Femoral artery approach to perform coronary procedures is considered the standard technique for vascular access due to optimal catheter control, lower thromboembolic complications and immediate access due to the large diameter of the artery. Trans-radial approach has been shown to reduce major bleeding complications, vascular complications related to the site of puncture, including death from all causes, and to prevent post-procedure limb rest, greater comfort for patients, immediate ambulation, early discharge and reduction of costs. Previous studies have shown that intravenous, topical and intraarterial use of nitroglycerin produces vasodilation of the radial artery. Extravascular (subcutaneous) administration of nitroglycerin is extremely effective in restoring the radial pulse, and allows adequate cannulation.

NCT ID: NCT03303001 Recruiting - Clinical trials for Subacromial Impingement Syndrome

Comparison Between Subacromial Infiltrations

Start date: September 26, 2017
Phase: N/A
Study type: Interventional

The shoulder pain is commonly seeing in orthopedic consultation. Many patients was affected in activities of daily living and in laborer absent. One of the first treatment lines is the steroid infiltration for pain relieve, however in several times is only effective by a short period of time, and the symptoms usually appear again. One of the not known infiltration is the high volumen infiltration in subacromial space, this treatment appears to be an effective treatment for this patients.

NCT ID: NCT03302234 Not yet recruiting - Clinical trials for Carcinoma, Non-Small-Cell Lung

Study of Pembrolizumab Given With Ipilimumab or Placebo in Participants With Untreated Metastatic Non-small Cell Lung Cancer (MK-3475-598/KEYNOTE-598)

Start date: November 24, 2017
Phase: Phase 3
Study type: Interventional

The purpose of this study is to determine the efficacy of pembrolizumab given in combination with either ipilimumab or placebo as first-line treatment in participants with metastatic non-small cell lung cancer (NSCLC). The primary hypothesis of this study is that overall survival (OS) and/or progression-free survival (PFS) is prolonged in participants who receive pembrolizumab and ipilimumab compared to those who receive pembrolizumab and placebo.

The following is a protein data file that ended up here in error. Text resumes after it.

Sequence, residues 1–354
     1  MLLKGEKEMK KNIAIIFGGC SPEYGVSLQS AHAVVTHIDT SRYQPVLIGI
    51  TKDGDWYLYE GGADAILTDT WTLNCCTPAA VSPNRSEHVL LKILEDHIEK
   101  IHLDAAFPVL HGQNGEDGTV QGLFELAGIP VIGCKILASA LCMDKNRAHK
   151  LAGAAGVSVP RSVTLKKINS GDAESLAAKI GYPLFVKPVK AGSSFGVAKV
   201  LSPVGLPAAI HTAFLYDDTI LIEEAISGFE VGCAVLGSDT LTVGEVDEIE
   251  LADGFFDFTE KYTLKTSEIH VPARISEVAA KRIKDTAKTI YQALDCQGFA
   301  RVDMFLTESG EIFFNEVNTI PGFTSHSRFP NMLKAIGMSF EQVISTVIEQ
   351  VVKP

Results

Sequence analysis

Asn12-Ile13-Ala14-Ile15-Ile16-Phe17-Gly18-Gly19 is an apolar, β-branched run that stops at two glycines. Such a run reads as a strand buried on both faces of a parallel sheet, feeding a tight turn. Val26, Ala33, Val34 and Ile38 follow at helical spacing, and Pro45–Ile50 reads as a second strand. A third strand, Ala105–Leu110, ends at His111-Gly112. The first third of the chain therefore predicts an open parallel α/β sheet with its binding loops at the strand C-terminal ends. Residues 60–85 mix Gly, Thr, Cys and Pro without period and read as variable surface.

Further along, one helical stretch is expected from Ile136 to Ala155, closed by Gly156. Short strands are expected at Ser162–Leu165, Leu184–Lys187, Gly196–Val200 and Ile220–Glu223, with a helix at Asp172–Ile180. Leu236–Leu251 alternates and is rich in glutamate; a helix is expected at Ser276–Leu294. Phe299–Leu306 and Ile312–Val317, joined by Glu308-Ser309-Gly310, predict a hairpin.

NCT ID: NCT03301220 Not yet recruiting - Clinical trials for Smoldering Multiple Myeloma

A Study of Subcutaneous Daratumumab Versus Active Monitoring in Participants With High-Risk Smoldering Multiple Myeloma

Start date: November 8, 2017
Phase: Phase 3
Study type: Interventional

The primary objective of this study is to determine whether treatment with daratumumab administered subcutaneously (SC) prolongs progression-free survival (PFS) compared with active monitoring in participants with high-risk smoldering multiple myeloma (SMM).

NCT ID: NCT03296553 Recruiting - Clinical trials for Human Immunodeficiency Virus

Valganciclovir Four Weeks Prior to cART Initiation Compared to Standard Therapy for Disseminated Kaposi Sarcoma

Start date: October 1, 2015
Phase: Phase 2
Study type: Interventional

Kaposi sarcoma (KS) has an unpredictable course, patients with severe KS and low CD4 counts (<100 cells) can develop Immune Reconstitution Syndrome (IRIS) after the initiation of combined Antiretroviral Therapy (cART). The objective of this study is to evaluate the presence of IRIS and its attributable mortality in patients with HIV and severe KS with the use of Ganciclovir or the prodrug Valganciclovir prior to the initiation of cART compared with the standard management of immediate cART initiation.